The amazing thing is the Republicans gained seats in the senate, gained seats in the house. There are no new elected freshmen Democrats. The governor himself won decisively. And the Democrats, having lost the argument with the people -- this is not Republican-Democrat. The people of Wisconsin elected a 60 percent Republican majority in the house, a virtually 60 percent Republican majority in the senate and a Republican governor. And the governor's now executing -- this seems to be a shock to Democrats. He's actually doing what he campaigned on.
The contrast with President Obama breaking his word this week is startling. I mean, Scott Walker is doing what he said he would do. [Fox News, On the Record, 2/24/11, accessed via Nexis]
Doocy: "The Governor Ran On The Platform That He Was Going To Address Collective Bargaining." On Fox & Friends, Doocy claimed that "to [the Wisconsin protesters], elections have no consequence. Mean nothing. Keep in mind, in that state, the governor ran on the platform that he was going to address collective bargaining and all the other stuff and that's what he did. And yet, look at what's happening there right now." [Fox News, Fox & Friends, 3/3/11, via Media Matters]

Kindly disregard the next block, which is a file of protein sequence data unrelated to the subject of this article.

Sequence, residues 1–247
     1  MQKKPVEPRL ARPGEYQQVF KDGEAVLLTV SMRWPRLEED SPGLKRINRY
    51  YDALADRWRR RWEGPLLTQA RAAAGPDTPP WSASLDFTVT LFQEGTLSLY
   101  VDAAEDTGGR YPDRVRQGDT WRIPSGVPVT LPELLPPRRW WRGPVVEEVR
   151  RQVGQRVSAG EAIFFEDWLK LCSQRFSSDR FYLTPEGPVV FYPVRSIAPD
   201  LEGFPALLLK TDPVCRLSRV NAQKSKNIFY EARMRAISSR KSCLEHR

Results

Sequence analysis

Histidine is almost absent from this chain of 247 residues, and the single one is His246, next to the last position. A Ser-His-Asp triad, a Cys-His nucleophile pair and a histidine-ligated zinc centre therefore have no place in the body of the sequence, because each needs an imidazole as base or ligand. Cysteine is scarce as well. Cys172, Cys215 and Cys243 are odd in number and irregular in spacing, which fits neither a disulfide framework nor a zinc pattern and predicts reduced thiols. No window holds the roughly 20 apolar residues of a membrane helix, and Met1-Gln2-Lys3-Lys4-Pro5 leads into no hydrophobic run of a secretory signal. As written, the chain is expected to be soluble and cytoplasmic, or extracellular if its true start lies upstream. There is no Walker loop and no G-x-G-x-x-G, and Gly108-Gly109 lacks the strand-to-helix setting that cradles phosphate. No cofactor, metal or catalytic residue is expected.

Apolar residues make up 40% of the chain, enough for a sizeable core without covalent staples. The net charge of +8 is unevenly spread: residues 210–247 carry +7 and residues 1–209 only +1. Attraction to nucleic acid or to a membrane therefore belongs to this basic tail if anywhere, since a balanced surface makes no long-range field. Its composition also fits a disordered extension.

Doocy Again Falsely Claims Walker "Made It Very Clear" That Collective Bargaining Was "One Of the Things He Was Going To Address." Later on Fox & Friends, during an interview with Grothman, Doocy claimed that "all these people with the signs, the horns, the whistles, apparently they weren't paying attention to the fact that there was an election this past November and the message in the fact that Scott Walker became the governor, he had made it very clear, this is one of the things he was going to address. Collective bargaining. And the unions." [Fox News, Fox & Friends, 3/3/11, via Media Matters]